Hervey Bay is the departure point to Fraser Island and the Great Barrier Reef. It’s also known as the whale watch capital of the world. This town is quiet, safe, residential and along the ocean’s coastline. We only stayed here for one night before leaving early on a ferry to Fraser Island. This is where we pick up the rental suv required to drive on Fraser Island. Hervey Bay has a large population of retirees. The houses are one story with a large front and backyard. Most, if not all of the lawns are well manicured and the houses are taken care of. It’s peaceful and there are no traffic lights or traffic.
The beach in Hervey Bay isn’t as manicured but its still a beach. The patterns made by crabs in the sand are amazing to see up close. These patterns are formed when a crab digs a tunnel through the sand. The crab carries a ball of sand from the tunnel over and over. This process creates an beautiful pattern (unbeknownst to the crab) that can extend several feet depending on how many crabs are digging. Some of the patterns I’ve seen in Australia are massive because the beaches are free of people walking on the sand.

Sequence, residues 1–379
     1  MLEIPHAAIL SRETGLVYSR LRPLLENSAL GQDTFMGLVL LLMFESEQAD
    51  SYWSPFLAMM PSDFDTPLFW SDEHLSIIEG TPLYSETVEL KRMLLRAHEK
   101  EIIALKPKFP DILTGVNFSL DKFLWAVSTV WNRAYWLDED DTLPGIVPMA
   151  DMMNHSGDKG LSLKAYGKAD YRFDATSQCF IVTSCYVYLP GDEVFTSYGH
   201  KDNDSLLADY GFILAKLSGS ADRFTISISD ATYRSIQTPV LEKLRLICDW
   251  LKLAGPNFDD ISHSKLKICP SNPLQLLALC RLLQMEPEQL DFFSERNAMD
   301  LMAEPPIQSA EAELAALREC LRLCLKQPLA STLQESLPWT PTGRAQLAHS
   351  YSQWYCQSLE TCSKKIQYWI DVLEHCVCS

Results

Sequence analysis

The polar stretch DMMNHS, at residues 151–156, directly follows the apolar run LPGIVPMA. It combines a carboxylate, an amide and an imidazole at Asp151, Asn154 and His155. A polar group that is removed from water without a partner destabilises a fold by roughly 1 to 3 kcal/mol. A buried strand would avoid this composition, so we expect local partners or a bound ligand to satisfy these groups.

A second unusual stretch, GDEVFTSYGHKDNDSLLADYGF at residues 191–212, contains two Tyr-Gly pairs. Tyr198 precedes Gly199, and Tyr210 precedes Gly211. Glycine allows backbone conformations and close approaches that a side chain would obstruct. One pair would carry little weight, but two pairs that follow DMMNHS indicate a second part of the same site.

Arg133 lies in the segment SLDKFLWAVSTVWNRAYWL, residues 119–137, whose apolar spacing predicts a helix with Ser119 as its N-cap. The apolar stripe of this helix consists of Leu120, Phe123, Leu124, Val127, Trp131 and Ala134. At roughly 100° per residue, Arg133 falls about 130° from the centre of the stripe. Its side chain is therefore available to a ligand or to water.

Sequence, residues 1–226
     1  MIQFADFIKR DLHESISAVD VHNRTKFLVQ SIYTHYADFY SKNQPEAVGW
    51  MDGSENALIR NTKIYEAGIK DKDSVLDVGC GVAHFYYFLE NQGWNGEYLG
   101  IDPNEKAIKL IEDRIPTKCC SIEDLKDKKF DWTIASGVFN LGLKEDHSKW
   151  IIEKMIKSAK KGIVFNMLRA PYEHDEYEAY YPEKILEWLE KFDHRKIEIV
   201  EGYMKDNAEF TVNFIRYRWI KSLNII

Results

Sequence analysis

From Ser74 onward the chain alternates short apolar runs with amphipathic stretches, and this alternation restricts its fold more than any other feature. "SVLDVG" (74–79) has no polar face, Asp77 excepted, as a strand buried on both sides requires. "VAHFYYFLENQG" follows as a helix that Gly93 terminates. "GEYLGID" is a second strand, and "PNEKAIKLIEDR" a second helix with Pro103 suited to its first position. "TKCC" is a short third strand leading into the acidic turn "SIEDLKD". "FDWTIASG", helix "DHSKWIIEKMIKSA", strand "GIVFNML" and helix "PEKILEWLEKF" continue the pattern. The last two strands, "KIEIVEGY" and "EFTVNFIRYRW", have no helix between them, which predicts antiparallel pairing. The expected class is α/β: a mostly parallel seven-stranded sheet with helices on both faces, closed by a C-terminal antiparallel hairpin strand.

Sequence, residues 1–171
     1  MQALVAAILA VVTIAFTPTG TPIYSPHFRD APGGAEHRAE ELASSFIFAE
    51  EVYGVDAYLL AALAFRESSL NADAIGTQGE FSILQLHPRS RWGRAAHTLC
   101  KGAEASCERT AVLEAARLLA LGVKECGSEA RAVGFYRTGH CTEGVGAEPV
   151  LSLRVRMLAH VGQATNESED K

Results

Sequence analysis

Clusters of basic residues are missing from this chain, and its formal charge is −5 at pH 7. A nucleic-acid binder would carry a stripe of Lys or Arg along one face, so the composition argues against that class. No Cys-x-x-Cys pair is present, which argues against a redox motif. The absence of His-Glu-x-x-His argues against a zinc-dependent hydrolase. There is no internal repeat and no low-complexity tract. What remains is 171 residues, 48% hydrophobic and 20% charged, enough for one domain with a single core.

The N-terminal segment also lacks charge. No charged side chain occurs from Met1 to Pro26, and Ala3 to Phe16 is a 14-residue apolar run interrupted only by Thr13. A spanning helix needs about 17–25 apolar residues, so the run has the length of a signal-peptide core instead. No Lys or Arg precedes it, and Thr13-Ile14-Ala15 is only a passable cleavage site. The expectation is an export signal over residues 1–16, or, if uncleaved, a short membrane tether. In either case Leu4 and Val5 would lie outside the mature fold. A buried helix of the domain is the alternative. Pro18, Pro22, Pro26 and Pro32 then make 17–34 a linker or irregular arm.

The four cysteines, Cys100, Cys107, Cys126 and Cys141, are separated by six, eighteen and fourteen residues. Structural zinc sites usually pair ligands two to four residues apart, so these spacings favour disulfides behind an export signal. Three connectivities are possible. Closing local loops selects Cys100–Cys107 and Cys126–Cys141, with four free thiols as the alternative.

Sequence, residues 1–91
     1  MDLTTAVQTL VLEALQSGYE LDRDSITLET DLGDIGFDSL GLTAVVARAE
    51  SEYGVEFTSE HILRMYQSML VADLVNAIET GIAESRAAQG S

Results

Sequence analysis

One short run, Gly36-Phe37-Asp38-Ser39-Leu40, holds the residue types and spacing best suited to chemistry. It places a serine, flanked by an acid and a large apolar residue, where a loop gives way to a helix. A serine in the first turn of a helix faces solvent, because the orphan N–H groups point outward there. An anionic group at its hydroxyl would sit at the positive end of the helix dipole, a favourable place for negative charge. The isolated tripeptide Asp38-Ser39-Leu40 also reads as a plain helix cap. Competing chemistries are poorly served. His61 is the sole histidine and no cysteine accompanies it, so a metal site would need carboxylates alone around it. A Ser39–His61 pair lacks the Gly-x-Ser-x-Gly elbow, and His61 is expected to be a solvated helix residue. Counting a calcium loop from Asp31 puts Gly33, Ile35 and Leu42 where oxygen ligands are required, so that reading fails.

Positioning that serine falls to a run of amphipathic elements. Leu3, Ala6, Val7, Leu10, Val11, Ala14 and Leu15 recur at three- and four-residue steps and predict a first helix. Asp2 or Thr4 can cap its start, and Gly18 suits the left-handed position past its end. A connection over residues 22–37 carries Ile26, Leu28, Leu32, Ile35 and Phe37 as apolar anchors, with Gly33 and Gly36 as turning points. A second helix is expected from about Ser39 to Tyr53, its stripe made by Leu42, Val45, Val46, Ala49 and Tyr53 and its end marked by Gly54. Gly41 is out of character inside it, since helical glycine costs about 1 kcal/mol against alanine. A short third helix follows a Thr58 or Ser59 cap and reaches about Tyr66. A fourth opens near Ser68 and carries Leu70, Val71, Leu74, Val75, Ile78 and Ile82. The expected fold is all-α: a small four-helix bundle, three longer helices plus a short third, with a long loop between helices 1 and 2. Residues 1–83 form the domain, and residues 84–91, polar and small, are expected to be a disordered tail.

Australian ibis birds happened to stop by our table while we were eating fish and chips. It was such a rare experience to be surrounded by all of these exotic birds while sitting at a picnic table by the sea. Exotic birds are flying free all over the coastline. The Australian white ibis is considered a nuisance and is unwanted at most places. They are the most prehistoric exotic looking bird I’ve seen and I love feeding them. Unfortunately, there are signs posted wherever there is patio dining that says not to feed them. The ibis, about the size of a chicken or small turkey will eat anything that falls on the ground. Anywhere there is a patio or food, there they are.
Fraser Island is made purely of sand and home to a plethora of wildlife; especially dingos. Long ago this land belonged to the native aboriginal people and was occupied by them for over ten thousand years. The aboriginals originally named the Island, ‘K’Gari’, which means paradise. Locals are petitioning for the island to be renamed to K’Gari in honor of the history and sacredness to the native Aboriginal tribes.